Jonni - her son added:
"Very pleased to have reached a major turning point in our #Spit4Mum campaign as a good stem cell match has been identified & Mum is scheduled to have the transplant in a couple of weeks, all being well. Still a long road but a massive thank you to everyone who has helped get us to here, couldn't have done it without you.
We also thank Anthony Nolan and Delete Blood Cancer for their amazing tireless work and support.
And we wish Sharon all the best with the transplant ahead now."
Anthony Nolan posted the news on their website - saying:
"The Bergers’ campaign had a huge impact on the number of people joining the bone marrow register. The campaign has so far attracted 1,191 Jewish people to join Anthony Nolan’s donor register, compared to 107 in the same period in 2012.
‘We are so grateful for every single person who has joined the register as a result of our campaign and all those who have helped in other ways. There are still people who are waiting for a match and we want more people who have been inspired by our story to join the bone marrow register.’
Ann O’Leary, Head of Register Development at Anthony Nolan, says, ‘We are absolutely delighted that Sharon has found a suitable bone marrow donor and we wish her all the best with her transplant. The ‘spit4mum’ campaign has attracted a record number of Jewish people to join Anthony Nolan’s bone marrow register. This will help us to find suitable donors for more blood cancer patients in the future. This is one of the biggest patient appeals we have had and will have a huge impact on the register in terms of the number of potential Jewish donors.’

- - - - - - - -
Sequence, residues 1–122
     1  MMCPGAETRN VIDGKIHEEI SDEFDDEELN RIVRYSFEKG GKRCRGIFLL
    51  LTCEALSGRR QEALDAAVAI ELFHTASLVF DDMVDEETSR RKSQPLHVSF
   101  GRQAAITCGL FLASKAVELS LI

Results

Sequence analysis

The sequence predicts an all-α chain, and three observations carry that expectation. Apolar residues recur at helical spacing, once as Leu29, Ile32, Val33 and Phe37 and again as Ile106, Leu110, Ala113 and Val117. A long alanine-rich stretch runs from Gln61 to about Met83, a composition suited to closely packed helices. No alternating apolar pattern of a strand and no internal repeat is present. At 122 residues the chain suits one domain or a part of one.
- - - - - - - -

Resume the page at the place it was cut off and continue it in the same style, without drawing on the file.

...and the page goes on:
Further news were published in the Jewish Chronicle - as well as the blog in Jewish mother
As a reminder: There are 2 donor registration charities which the Bergers have been working with and you can contact them to receive a kit in the post which will enable you to join the register, full details regarding eligibility etc on their websites:
If you are under 31, you can #Spit4Mum with Anthony Nolan (http://www.anthonynolan.org/
If you are 31-55 you can #Swab4Mum with Delete Blood Cancer (http://is.gd/Swab4Mum)
Her son Jonni also connected with the Waitrose branch of Brent Cross to start one of their Community Matters donation scheme.
More details on our Fundraising page: https://mdspatientsupport.org.uk/fund-raising-2/corporate-fundrasing/
Being diagnosed with myelodysplastic syndrome (MDS) can be a shock, particularly when you may never have heard of it.
It has been written to help you understand more about MDS. It describes what they are, how they are diagnosed and treated and also the expected outcome (prognosis). It also provides information on coping with the emotional impact of an MDS diagnosis.
Whilst the covers are different, the content is the same.
All 3 organisations will work together to ensure this booklet is available in all hospitals.